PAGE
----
This post follows from the video of Bernard Stiegler talking about Simondon’s ‘notion’ of information, in relation to his reading of Simondon and others’ theorisation of technogenesis. That paper was a key note in the conference ‘Culture & Technics: The Politics of Du Mode‘, held by the University of Kent’s Centre for Critical Though. It is worth highlighting the whole conference is available on YouTube.

In particular, the panel session with Anne Sauvagnargues and Yuk Hui discussing the genealogy of Simondon’s thought (as articulated in his two perhaps best-known books). For those interested in (more-or-less) French philosophies of technology (largely in the 20th century) this is a fascinating and actually quite accessible discussion.

Sauvagnargues discusses the historical and institutional climate/context of Simondon’s work and Yuk excavates (in a sort of archeological manner) some of the key assumptions and intellectual histories of Simondon’s theorisation of individuation, information and technics.

Bernard Stiegler on the on the notion of information and its limits

Bernard Stiegler being interviewed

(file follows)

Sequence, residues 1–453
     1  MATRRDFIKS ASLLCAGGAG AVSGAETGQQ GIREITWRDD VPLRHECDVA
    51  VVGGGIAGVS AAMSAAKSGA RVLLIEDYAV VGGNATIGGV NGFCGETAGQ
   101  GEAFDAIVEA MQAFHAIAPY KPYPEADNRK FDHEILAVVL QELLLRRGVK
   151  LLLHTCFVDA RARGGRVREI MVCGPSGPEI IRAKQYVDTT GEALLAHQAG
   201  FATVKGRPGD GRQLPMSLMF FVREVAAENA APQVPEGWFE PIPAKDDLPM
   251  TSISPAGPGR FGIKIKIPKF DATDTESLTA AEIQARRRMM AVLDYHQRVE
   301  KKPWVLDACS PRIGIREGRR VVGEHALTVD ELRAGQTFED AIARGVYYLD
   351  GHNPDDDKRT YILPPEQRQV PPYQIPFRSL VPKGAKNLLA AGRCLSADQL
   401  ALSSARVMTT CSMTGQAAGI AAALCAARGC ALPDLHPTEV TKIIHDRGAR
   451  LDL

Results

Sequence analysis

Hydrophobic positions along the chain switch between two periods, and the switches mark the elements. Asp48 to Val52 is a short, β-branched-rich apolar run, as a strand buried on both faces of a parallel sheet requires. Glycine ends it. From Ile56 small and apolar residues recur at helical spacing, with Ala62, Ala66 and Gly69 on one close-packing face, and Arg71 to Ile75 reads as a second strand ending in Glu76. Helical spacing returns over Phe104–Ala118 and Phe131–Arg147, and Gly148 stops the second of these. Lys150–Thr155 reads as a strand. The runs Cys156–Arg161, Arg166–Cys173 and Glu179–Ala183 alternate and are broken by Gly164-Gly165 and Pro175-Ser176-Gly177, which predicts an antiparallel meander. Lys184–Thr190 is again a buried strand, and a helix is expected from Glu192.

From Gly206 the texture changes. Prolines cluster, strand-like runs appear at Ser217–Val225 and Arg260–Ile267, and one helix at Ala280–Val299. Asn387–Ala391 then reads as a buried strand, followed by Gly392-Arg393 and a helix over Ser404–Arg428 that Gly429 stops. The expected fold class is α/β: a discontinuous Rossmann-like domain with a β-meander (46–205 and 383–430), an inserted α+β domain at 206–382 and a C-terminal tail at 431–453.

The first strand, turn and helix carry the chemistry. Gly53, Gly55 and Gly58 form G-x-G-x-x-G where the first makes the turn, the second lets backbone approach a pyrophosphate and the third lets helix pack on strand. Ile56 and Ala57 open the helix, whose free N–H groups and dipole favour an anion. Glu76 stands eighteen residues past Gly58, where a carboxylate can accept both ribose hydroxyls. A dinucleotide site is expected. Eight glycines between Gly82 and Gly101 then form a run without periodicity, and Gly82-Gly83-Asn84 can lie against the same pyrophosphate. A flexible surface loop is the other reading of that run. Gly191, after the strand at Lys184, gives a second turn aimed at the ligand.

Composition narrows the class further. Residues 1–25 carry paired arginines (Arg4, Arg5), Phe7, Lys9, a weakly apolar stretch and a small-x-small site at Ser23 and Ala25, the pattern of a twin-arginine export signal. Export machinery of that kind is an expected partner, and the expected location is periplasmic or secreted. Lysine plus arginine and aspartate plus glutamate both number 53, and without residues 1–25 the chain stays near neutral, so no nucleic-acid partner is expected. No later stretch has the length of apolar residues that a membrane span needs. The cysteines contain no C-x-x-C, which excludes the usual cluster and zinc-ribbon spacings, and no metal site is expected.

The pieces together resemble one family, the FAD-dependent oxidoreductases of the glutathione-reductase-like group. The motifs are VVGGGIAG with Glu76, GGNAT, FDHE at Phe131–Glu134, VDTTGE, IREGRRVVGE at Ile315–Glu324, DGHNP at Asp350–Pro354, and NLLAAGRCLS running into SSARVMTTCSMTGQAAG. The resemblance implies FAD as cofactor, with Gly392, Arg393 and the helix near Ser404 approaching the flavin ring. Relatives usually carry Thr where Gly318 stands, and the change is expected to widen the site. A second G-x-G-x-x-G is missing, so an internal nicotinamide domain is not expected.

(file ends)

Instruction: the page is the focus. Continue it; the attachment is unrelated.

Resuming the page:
I have only just seen this via the De Montfort Media and Communications Research Centre Twitter feed. The above video is Bernard Stiegler’s ‘key note’ (can’t have been a big conference?) at the University of Kent Centre for Critical Though conference on the politics of Simondon’s Modes of Existence of Technical Objects

In engaging with Simondon’s theory (or in his terms ‘notion’) of information, Stiegler reiterates some of the key elements of his Technics and Time in relation to exosomatisation and tertiary retention being the principal tendency of an originary technics that, in turn, has the character of a pharmakon, that, in more recent work, Stiegler articulates in relation to the contemporary epoch (the anthoropocene) as the (thermodynamic style) tension between entropy and negentropy. Stiegler’s argument is, I think, that Simondon misses this pharmacological character of information. In arguing this out, Stiegler riffs on some of the more recent elements of his project (the trilogy of ‘As’) – the anthropocene, attention and automation – which characterise the contemporary tendency towards proletarianisation, a loss of knowledge and capacities to remake the world.